As far as no one making money, the phone manufacturers are not donating phones to the Telcos. If the Sprints, AT&T's and Verizons of the world wish to use them as promotion tools, making thousands in contract fees for every one moved, then fine by the consumer. You have to assume it makes business sense for them to have a few as BOGO deals, pulling in customers they might not have otherwise. Most phones are NOT free tho, with the better devices going for $200-$250 with new 2-year contracts. But companies like HTC who actually build those phones are seeing record profits, with the telcos eating some of the cost just as they do with the iPhone.

So again, arguing for iOS as more stable, a better user experience, easier to understand or a better overall value with more available applications than Android? Valid. The points you use for your argument? Not really IMHO.
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post #29 of 209
There was a recent article with 92% of 2000 employees of Clorox choosing iphones. 6% android and 2% windows. When people are thinking about market share obviously price is factoring in when people are buying android. That and the fact that some carriers do or did not have iphone for a while.
post #30 of 209
Folks - the significant takeaway here is *not* what's going on in Android-land, or nearby.

What is important to remember is that Gartner's credibility is near zero. At least in markets such as this. Maybe they're OK in the more traditional, business-oriented IT stuff where you can look at trends and extrapolate. However, that is not where we are in this case. We're in a period of disruption and major change and Gartner doesn't have a good track record in that space recently.
post #31 of 209
Quote:
Originally Posted by srathi View Post

iPhone 3GS is available for free in Europe and for $49 in US.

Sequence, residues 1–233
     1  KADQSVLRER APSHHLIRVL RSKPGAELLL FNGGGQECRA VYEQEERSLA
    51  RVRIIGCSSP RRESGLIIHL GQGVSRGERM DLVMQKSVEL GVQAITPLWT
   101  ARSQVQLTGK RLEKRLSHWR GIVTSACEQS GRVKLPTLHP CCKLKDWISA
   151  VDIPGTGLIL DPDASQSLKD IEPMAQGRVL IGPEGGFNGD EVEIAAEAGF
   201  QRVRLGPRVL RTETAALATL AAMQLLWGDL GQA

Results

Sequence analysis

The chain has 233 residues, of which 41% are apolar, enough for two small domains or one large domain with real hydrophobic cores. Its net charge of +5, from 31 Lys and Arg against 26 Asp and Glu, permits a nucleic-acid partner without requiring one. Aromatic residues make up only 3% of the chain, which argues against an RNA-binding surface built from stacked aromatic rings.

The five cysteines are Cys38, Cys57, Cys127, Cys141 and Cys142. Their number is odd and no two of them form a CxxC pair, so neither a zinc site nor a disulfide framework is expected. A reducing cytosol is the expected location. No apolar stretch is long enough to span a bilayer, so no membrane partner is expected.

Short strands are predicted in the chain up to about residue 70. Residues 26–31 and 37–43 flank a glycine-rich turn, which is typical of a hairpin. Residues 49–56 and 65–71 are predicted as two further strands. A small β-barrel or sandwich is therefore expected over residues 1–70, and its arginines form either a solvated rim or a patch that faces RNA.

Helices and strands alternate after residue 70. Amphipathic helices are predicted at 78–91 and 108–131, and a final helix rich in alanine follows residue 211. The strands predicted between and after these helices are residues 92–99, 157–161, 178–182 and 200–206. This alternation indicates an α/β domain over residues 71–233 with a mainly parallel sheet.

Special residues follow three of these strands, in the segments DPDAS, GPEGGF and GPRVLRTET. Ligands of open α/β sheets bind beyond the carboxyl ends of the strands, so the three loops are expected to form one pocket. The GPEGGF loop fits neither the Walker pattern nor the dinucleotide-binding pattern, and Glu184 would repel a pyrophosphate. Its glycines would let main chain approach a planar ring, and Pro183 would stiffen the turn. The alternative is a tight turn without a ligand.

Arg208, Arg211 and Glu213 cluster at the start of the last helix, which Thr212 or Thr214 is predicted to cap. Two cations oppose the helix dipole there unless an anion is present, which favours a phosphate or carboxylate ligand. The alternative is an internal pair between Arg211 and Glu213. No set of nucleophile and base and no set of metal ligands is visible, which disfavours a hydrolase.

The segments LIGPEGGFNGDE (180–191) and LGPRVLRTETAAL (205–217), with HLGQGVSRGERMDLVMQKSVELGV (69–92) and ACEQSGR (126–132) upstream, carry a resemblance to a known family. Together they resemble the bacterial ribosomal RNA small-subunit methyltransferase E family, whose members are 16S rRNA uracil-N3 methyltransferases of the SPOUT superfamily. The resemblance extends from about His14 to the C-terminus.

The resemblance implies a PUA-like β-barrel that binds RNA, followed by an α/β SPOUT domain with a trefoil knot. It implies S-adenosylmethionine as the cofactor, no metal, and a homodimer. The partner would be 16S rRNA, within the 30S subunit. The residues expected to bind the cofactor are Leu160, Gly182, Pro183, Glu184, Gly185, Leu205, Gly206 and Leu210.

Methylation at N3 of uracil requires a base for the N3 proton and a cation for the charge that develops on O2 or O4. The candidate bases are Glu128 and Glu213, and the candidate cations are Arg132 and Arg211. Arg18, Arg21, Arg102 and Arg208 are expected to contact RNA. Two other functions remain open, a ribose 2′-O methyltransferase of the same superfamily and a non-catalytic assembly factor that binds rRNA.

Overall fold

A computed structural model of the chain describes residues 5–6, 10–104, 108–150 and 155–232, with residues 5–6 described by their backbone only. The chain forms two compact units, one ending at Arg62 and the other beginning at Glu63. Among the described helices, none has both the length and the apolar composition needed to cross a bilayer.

on big contracts. iOS is way ahead in Europe in any case.
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post #32 of 209
It's really getting old listening to analysts try and force old analysis on a new product field that bears little or no resemblance to the old market.

Like in this case, windows was not and never has been an open OS. It was open in that any parts you found on the street could be used by the OS, but the code itself was very proprietary.

So, because google claims android is an open OS, people compare it to windows. This is ridiculous, even of android were open, then it would be Linux, not windows. Yet, android isn't open software. 2nd, there will never be a market of home built/self upgraded phones, the primary advantage windows provided over Mac. Plus there are carriers involved in the phone game, there was none if this for PCs.

Additionally, windows was probably best served by it's huge development community, and now that advantage lies squarely with apple. So, if little to no part of this market is modeled by the past, why would the PC market be a valuable guide fir the future of the phone market.

Finally, how on earth can you even pretend to predict a technology market 5 years in advance? It's a complete joke. In 2006 the mobile phone industry was predicting everyone would own two feature phones by now. Except now most of us don't even own one, and how many people own two smartphones? (I know, some do, but it's hardly a major force in the market).